Posted: Sun 5th Jun 2022

NSPCC Cymru recognised for its commitment to Welsh language to support its users

News and Info from Deeside, Flintshire, North Wales
This article is old - Published: Sunday, Jun 5th, 2022

NSPCC Cymru has been officially recognised for its commitment to the Welsh language to help achieve a greater impact with users.

June 1 marked Cynnig Cymru Day, an opportunity to celebrate businesses and charities that take pride in the Welsh language by offering Welsh language services to the public.

The Deputy Welsh Language Commissioner Gwenith Price presented a Cynnig Cymraeg certificate to Huw Meredith , Childline Volunteer, at the Urdd Eisteddfod in Denbigh.

The NSPCC is committed to playing its part in creating and fostering a society that promotes mutual respect and values individuality and difference so it can remove real and perceived barriers, valuing everybody who volunteers with, works for, supports or benefits from the charity’s work.

Working with the Welsh Language Commissioner’s Office, NSPCC Cymru/ Wales launched its Welsh Language Progress Plan in 2018.

The organisation provides Welsh speaking counsellors for children using its Childline service and a Welsh email response service for its adult Helpline while popular resources and lesson plans designed for schools are also available in Welsh.

Gwenith Price, Deputy Welsh Language Commissioner said: “It has been great to work with NSPCC Cymru on their Welsh language services to ensure that they can reach all children and families in Wales.

“Through the Cynnig Cymraeg scheme, the Welsh Language Commissioner works with organisations to plan and promote their Welsh language services to attract more support.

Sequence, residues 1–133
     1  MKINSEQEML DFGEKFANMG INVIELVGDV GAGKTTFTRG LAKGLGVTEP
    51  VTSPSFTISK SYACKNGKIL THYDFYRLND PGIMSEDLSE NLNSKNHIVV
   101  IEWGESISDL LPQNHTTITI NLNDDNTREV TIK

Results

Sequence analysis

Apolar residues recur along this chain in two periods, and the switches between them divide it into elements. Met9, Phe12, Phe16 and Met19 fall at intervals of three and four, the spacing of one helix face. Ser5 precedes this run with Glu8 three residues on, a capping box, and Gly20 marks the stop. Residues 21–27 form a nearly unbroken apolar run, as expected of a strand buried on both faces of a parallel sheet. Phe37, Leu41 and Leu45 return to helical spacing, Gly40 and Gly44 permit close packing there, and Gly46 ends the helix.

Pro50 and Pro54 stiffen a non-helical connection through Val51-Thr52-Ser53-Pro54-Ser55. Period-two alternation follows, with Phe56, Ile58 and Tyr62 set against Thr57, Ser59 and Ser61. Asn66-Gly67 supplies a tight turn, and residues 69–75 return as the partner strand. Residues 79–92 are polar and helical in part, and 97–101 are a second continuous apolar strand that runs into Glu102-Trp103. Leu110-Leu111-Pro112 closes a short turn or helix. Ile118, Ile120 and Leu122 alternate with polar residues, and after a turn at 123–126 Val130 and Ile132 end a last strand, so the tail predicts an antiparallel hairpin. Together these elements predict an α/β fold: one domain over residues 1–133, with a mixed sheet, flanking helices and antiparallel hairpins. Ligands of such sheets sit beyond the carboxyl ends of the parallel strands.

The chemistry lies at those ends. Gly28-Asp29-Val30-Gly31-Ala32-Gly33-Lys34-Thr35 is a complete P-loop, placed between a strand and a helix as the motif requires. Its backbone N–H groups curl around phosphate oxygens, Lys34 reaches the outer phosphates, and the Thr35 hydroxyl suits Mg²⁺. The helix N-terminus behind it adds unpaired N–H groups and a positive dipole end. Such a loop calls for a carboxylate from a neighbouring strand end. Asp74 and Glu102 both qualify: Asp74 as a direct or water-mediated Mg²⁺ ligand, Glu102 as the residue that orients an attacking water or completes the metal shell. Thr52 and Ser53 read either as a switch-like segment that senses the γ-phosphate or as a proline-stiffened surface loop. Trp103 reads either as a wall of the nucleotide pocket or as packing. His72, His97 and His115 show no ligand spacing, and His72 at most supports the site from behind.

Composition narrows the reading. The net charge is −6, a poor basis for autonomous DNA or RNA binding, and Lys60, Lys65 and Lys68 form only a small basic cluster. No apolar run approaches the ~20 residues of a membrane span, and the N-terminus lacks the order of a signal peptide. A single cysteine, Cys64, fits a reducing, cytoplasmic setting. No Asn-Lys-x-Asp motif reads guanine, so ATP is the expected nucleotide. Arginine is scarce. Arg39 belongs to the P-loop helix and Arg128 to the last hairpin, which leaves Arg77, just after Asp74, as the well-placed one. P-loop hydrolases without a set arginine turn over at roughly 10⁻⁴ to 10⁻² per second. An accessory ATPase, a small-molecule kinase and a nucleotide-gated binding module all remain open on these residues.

“We are proud of NSPCC Cymru’s success in securing more services through the medium of Welsh, and and pleased to recognise this on Cynnig Cymraeg Day.”

Policy and Public Affairs Manager Vivienne Laing said: “We are delighted to receive this award. We recognise that Welsh is the preferred language for some of NSPCC’s service users, supporters, volunteers and staff in Wales.

“So, in turn, we know that fully embracing and valuing the language and cultural differences in Wales will help us to achieve our goals so that everyone plays their part to prevent child abuse, every child is safe online, children feel safe, listened to, and are supported.

“Language is more than a means of communication – it’s an essential part of a person’s identity, and people are more able to express their views and needs in their preferred language.”

NSPCC Cymru/ Wales is urging anyone with concerns about a child, even if they’re unsure, to contact the NSPCC helpline to speak to one of the charity’s professionals. People can call 0808 800 5000, email [email protected] or fill in the online form.

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